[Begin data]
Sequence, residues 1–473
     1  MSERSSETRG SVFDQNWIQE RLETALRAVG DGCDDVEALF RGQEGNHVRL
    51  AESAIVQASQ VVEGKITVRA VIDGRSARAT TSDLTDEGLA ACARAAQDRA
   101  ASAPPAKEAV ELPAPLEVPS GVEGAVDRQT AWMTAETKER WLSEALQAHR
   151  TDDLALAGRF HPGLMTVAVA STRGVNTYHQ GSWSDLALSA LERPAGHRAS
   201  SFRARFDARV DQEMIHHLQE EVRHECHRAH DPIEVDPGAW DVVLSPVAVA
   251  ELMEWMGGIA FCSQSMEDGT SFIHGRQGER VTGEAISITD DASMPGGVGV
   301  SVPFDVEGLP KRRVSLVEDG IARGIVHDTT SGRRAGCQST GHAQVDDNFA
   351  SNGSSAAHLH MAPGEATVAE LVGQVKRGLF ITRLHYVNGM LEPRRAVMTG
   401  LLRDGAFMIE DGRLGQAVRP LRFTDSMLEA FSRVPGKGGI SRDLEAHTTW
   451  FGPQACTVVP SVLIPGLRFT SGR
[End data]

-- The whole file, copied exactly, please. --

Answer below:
Sequence, residues 1–473
     1  MSERSSETRG SVFDQNWIQE RLETALRAVG DGCDDVEALF RGQEGNHVRL
    51  AESAIVQASQ VVEGKITVRA VIDGRSARAT TSDLTDEGLA ACARAAQDRA
   101  ASAPPAKEAV ELPAPLEVPS GVEGAVDRQT AWMTAETKER WLSEALQAHR
   151  TDDLALAGRF HPGLMTVAVA STRGVNTYHQ GSWSDLALSA LERPAGHRAS
   201  SFRARFDARV DQEMIHHLQE EVRHECHRAH DPIEVDPGAW DVVLSPVAVA
   251  ELMEWMGGIA FCSQSMEDGT SFIHGRQGER VTGEAISITD DASMPGGVGV
   301  SVPFDVEGLP KRRVSLVEDG IARGIVHDTT SGRRAGCQST GHAQVDDNFA
   351  SNGSSAAHLH MAPGEATVAE LVGQVKRGLF ITRLHYVNGM LEPRRAVMTG
   401  LLRDGAFMIE DGRLGQAVRP LRFTDSMLEA FSRVPGKGGI SRDLEAHTTW
   451  FGPQACTVVP SVLIPGLRFT SGR